the segregation situation

Is reversing school segregation possible in New York City? Expert panel weighs in

Two of Dougco parent Meredith Massar's daughters join friends in a "peaceful protest" outside the Douglas County Public Schools administration building Thursday.

A panel at the Brooklyn Historical Society Wednesday night tackled the thorny issue of school diversity, sparking a conversation about whether integration is a viable option and delving into the causes of school segregation in New York City.

“We want to get to the bottom of this,” said moderator Beth Fertig, who covers the city’s public schools for WNYC, after reminding the crowd that a report released last year found that New York’s schools are among the most segregated in the country.

But with school segregation — and the country’s largest school system — there are no simple answers. Panelists discussed the nuances of racial versus socioeconomic segregation and argued about whether magnet schools or changes to enrollment policies could be workable, long-term solutions.

The panel comes at a time when school segregation has garnered attention in New York, following a UCLA study that detailed how the the state’s schools are deeply divided along racial lines. The report found that in 19 of New York City’s 32 community school districts, 10 percent or less of public-school students were white in 2010.

The event, which drew a large audience, started with a foundational question: What causes school segregation?

Panelists disagreed about whether the issue is best understood as divisions along socioeconomic or racial lines. Socioeconomic segregation is the best way to frame the issue, said Clara Hemphill, the founder of Insideschools, a website that offers reviews of the city’s public schools. Hemphill said that concentrated poverty is the largest challenge to a school’s academic performance.

Nikole Hannah-Jones, a writer for the New York Times Magazine who has spent years covering school segregation, argued that the issue at hand is race. Black, middle-income Americans are more likely than poor white children to live in poor neighborhoods, which means black children are more likely to attend high-poverty schools, she said.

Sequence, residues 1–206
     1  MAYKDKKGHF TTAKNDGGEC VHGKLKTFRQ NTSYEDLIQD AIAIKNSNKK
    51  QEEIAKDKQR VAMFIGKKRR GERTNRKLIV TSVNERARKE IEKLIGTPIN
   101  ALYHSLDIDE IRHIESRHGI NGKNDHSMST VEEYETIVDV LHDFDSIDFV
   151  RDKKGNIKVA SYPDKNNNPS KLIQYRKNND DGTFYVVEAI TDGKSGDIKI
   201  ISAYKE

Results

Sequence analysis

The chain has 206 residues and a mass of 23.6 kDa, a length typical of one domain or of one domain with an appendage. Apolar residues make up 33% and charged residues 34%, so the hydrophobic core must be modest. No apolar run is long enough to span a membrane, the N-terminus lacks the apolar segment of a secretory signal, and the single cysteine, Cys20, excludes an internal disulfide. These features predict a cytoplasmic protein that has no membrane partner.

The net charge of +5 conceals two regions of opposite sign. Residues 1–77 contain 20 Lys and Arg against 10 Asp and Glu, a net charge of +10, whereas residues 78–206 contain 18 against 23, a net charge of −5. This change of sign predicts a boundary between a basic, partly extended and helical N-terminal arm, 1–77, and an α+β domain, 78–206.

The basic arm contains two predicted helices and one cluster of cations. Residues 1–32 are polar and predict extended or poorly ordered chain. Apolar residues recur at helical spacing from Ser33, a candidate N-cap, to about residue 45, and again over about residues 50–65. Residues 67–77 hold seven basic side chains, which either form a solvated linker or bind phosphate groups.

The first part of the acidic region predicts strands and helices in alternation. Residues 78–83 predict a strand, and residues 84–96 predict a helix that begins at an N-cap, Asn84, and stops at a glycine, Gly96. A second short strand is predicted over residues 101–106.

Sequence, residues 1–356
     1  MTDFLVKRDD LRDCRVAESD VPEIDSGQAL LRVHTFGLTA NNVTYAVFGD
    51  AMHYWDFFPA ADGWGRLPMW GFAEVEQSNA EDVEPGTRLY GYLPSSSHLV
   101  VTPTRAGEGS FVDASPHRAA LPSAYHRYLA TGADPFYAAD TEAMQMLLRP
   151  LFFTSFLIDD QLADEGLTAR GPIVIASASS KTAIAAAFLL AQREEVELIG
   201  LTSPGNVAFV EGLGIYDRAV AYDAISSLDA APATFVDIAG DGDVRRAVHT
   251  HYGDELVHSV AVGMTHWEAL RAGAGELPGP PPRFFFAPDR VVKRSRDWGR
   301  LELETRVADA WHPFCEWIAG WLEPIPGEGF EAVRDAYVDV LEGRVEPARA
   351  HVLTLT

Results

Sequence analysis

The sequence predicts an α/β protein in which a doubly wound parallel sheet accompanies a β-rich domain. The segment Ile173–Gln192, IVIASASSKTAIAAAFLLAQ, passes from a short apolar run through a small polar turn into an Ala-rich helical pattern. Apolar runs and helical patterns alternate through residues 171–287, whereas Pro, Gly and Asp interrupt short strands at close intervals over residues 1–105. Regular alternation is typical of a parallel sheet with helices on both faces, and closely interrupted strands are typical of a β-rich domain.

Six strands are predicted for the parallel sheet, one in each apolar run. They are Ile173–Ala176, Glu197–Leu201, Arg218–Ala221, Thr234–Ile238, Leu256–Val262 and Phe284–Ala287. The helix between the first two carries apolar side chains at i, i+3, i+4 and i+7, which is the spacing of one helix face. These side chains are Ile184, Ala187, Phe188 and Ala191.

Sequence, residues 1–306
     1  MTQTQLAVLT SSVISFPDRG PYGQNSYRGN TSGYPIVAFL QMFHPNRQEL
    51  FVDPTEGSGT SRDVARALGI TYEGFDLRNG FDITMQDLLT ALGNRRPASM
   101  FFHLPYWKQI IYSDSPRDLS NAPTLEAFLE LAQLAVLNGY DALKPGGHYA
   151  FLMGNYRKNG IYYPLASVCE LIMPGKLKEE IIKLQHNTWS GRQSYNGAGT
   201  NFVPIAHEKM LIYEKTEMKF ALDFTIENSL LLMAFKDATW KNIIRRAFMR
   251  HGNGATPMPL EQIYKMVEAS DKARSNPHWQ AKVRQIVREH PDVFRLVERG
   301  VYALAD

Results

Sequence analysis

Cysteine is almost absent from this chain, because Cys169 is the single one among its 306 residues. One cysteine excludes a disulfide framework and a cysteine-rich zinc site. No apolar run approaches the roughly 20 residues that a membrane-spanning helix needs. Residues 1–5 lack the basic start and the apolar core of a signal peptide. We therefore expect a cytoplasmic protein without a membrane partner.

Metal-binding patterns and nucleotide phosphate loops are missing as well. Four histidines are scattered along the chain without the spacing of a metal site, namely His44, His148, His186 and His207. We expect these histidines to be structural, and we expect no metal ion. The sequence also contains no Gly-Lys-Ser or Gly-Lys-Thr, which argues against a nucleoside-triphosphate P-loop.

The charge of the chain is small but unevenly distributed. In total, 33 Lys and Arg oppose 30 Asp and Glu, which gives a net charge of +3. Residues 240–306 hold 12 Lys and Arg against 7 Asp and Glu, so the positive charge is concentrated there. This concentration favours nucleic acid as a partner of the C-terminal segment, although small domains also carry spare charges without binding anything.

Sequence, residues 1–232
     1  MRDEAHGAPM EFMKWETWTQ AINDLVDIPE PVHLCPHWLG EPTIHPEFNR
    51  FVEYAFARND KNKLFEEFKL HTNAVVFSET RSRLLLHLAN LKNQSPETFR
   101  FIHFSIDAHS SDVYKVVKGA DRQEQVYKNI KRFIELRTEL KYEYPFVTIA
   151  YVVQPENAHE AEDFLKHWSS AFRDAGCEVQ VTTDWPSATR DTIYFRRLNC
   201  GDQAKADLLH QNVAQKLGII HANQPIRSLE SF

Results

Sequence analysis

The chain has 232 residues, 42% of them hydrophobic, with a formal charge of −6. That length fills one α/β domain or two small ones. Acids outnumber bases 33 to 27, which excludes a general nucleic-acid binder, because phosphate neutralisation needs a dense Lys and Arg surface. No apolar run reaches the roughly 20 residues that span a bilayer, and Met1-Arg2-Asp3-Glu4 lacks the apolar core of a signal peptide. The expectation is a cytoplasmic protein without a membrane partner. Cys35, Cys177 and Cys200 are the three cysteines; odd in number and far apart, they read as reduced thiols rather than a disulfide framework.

“This is a racialized poverty,” Hannah-Jones said. “I think sometimes we are more comfortable with class-based [segregation] because we feel we can transcend our class and you can’t transcend your race, but these two are absolutely linked.”

Craig Gurian, a civil rights lawyer, pointed to a map of the city, color-coded to show where low percentages of black residents lived in blue and areas with high percentages of black residents live in red. The map revealed clusters of each color but little overlap.

“Even though you can’t go 10 minutes in New York City without hearing how diverse the city is, it’s actually residentially an extraordinarily segregated place,” Gurian said. “And where you have segregated housing you have segregated schools.”

Mayor Bill de Blasio and Schools Chancellor Carmen Fariña also faced criticism over their slow response to integration plans proposed by a dozen individual schools last year, an issue Chalkbeat highlighted earlier this month. Both officials were asked about the delays, and whether they have plans to promote diversity, on the first day of school.

Fertig paraphrased their responses: “In other words, no solution,” she said.

Panelists themselves were split over whether there are feasible ways to combat school segregation. Some panelists offered magnet schools as a potential tool. But Hannah-Jones said that when she talks and writes about segregation, “I never end on a hopeful message.”

“If you are in a city with one of the most progressive mayors in the country, and we are under the Obama administration, and they will not talk about school integration and segregation,” Hannah-Jones asked, “what really hope does one have that we’re going to see any large-scale change for the masses?”

Norm Fruchter, a senior policy analyst at the Annenberg Institute for School Reform and a member of the Panel for Educational Policy, noted that he plans to introduce a proposal at the next PEP meeting that he hopes will be “a beginning discussion” about how the city could boost school diversity.